waxironinIron the wax in. Make an initial quick pass or two with the iron to smooth out the droplets and pave the way for supreme wax absorption.  Now move the iron in one continuous motion from tip to tail, melting everything together into a single happy layer. Moving it back and forth causes uneven heating that can damage the base. You will notice a molten trail chasing the iron, hardening as the wax cools; this trail should be roughly between 2 and 4 inches long if the temperature is set correctly and you are moving the iron at an appropriate speed. Don’t apply downward pressure to the iron, just let it surf along on the wax as it liquefies. It should take between 15 and 20 seconds to iron the length of the ski. Do two or three passes. Remember that you should never touch a hot iron to a bare ski base. Wax acts as an insulating shield, and this is why we recommend that beginners err on the side of too many drips rather than too few. It means more time scraping the excess, but its best to just avoid the risk of scorching and “sealing” your bases until you have more experience.

waxbeerHave a beer / let bases cool. Let your boards cool at room temperature for about 15 minutes to ensure maximum wax penetration before scraping. Note: If you’re waxing with a cold, hard wax like Swix CH6 and below, do yourself a favor and scrape it while it is still warm from the iron, and then let your freshly scraped bases cool to room temp. If you let CH6 or CH4 fully cool and harden, you’l feel like breaking out a hammer and chisel to get it off. Anything above CH6, let the waxed bases cool to room temp. If you begin to rewax bases that are still warm, they can reach critical temperatures more quickly and become damaged. So take a deserved break. Start in on that sixer, but don’t get too far gone if you’re going to melt more wax.

Reheat the cooled wax into the base again (optional). If time permits, repeat the “Iron wax in / Have a beer / Let bases cool” process another 1 to 2 times (and quaff another 2-4 beers) before finally scraping. You’ve already dripped the wax, heated it and let it cool, and now you’ve got a nice smooth layer of wax just begging for another pass with the iron. You have no excuses! This will ensure that your bases are fully saturated with wax and your labour of love will have the most staying power. To repeat ourselves, it’s important to let the bases cool to room temp between each reheating of the wax.waxscrapeScrape the wax off. Make sure you have a sharp plastic scraper with square edges. Purchase a scraper sharpening tool or flatten it on a file when it becomes dull. Hold the scraper properly. Support the middle with your thumbs and wrap your fingers around the edges. Angle the top of the scraper toward the tip of the ski and, using slight downward pressure and a long smooth stroke, pull the scraper down the length of the ski from tip to tail towards you. The goal is to peel of thin layers without gouging the base or altering its structure. Don’t over scrape. Rely on brushing to get the rest of it off. And don’t forget to scrape the central groove on Nordic skis.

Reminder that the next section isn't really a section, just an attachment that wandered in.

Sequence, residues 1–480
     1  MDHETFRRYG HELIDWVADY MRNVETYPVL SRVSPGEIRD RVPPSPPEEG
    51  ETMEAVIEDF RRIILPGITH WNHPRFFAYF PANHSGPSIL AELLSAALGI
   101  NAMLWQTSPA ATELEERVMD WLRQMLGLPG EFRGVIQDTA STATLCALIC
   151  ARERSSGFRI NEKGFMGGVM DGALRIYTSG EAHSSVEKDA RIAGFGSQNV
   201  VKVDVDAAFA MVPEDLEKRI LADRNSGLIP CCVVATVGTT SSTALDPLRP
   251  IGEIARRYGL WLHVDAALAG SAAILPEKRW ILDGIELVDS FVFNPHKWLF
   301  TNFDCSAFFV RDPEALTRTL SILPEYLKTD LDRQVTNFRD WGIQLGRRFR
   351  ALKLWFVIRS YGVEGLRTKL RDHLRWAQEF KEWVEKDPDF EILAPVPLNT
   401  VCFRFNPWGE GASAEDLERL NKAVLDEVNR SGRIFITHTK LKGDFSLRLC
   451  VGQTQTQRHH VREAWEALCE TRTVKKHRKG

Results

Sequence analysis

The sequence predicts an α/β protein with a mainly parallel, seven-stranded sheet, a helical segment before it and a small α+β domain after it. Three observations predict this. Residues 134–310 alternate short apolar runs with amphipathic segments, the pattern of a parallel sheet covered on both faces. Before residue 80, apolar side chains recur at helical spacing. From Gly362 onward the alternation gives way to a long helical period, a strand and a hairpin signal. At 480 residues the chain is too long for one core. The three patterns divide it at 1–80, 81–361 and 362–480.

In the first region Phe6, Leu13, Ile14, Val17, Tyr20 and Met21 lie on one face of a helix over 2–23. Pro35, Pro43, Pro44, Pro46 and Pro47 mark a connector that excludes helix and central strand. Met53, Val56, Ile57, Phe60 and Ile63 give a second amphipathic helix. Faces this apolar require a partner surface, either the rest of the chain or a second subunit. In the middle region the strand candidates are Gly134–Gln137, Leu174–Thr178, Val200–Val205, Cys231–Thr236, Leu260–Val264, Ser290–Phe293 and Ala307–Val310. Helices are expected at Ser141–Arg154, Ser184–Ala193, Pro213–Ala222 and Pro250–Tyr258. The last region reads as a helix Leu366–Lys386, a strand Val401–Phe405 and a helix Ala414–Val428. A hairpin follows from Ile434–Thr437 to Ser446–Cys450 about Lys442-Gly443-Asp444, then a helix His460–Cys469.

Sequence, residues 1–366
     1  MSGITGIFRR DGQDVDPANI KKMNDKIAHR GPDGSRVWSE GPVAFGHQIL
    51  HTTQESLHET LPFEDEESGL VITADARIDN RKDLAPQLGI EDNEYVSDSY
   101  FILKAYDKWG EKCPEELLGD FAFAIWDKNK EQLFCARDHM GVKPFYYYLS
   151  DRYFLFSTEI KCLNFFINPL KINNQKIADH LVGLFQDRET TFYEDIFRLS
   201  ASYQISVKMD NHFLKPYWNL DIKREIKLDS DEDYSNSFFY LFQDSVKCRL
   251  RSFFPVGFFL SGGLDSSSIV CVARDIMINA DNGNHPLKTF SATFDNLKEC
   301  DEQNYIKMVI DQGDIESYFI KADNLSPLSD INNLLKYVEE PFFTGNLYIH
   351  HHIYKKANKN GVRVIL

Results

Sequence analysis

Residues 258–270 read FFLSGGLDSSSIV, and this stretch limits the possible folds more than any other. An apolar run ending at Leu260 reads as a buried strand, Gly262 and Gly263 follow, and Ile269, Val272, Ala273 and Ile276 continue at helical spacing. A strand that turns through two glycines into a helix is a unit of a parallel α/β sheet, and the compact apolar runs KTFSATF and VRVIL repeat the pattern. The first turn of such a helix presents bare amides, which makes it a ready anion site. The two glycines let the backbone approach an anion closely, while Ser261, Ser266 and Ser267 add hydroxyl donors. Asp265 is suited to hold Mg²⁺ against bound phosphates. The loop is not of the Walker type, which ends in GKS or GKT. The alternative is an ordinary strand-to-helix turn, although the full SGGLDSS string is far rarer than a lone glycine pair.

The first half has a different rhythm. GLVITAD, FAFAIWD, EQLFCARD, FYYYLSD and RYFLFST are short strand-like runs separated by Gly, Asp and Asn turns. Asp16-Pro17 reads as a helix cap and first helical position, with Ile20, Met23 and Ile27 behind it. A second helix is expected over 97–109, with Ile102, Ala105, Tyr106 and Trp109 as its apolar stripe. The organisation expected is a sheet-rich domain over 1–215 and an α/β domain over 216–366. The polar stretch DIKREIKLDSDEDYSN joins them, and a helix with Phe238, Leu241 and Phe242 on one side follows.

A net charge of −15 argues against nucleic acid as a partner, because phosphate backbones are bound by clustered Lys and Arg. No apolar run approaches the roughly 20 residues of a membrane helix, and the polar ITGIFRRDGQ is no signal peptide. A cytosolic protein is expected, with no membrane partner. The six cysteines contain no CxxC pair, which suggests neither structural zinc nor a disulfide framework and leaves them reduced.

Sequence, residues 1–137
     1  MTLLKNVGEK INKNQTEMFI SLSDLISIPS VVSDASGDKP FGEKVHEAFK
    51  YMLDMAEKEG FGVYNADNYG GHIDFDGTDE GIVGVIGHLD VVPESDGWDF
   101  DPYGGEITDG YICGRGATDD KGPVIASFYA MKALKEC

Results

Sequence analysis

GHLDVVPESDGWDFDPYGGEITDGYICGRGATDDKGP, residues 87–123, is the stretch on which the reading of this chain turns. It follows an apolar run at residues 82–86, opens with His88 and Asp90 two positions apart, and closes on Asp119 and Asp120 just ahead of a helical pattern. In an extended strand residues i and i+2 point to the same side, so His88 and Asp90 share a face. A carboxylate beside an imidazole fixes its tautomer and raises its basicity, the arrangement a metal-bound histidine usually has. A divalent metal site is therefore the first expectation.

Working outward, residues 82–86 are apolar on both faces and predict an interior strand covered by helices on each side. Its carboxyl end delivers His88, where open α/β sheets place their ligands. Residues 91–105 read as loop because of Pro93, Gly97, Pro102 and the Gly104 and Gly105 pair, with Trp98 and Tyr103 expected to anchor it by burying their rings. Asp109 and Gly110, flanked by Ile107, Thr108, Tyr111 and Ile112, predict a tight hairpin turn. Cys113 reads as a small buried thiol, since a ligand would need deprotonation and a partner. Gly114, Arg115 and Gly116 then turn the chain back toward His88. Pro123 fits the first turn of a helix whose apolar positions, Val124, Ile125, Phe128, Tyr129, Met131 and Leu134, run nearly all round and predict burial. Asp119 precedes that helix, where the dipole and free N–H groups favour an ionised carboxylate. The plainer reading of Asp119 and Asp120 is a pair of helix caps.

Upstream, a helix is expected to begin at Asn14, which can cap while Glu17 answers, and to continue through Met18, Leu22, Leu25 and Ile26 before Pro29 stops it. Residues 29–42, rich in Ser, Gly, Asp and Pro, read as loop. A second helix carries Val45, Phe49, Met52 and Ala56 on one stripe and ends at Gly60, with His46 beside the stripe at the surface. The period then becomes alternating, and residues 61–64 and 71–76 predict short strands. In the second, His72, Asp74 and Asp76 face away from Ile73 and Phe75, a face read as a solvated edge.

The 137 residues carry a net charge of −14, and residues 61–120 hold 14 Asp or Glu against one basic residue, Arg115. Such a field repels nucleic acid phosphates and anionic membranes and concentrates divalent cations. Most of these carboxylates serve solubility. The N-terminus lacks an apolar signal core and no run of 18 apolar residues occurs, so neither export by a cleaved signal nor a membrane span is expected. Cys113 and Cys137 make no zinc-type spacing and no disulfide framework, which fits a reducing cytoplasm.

Brush remaining wax away. Begin brushing with a Medium Bronze brush if you have one. This removes the wax from the structure of the ski (those tiny little grooves that help break suction). After several passes with the bronze brush, follow up with several passes with a softer nylon brush and then wipe down with a lint free rag. You are now ready to glide, after you clean up the mess you made. Hopefully nobody yells at you, but you deserve it if you used your mother’s clothing iron.

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Can I use a regular clothing iron to wax my skis?

You certain can. But should you? Unless you are the most infrequent waxer, we strongly advise the purchase of a dedicated waxing iron. Let us compare the attributes of each side by side:

Waxing Iron Clothing Iron
gets hot and melts wax
thick base with no holes for even heating
temperature range / settings designed for glide wax
lightweight construction
accurate regulator that maintains a constant temp
gets hot and melts wax too
all your silken slacks will hang beautifully

 

Clothing irons are not designed to hold accurate temperatures. If you’ve ever ironed clothes (and most of us at O&B’s have not, so the following half-sentence is hearsay) you know that the iron cycles through a wide temperature range. You can hear the heating element click off and on as it struggles to maintain some semblance of consistency. This is certainly good enough for those Old Navy factory seconds, but not for your [insert large $ dollar $ amount] skis.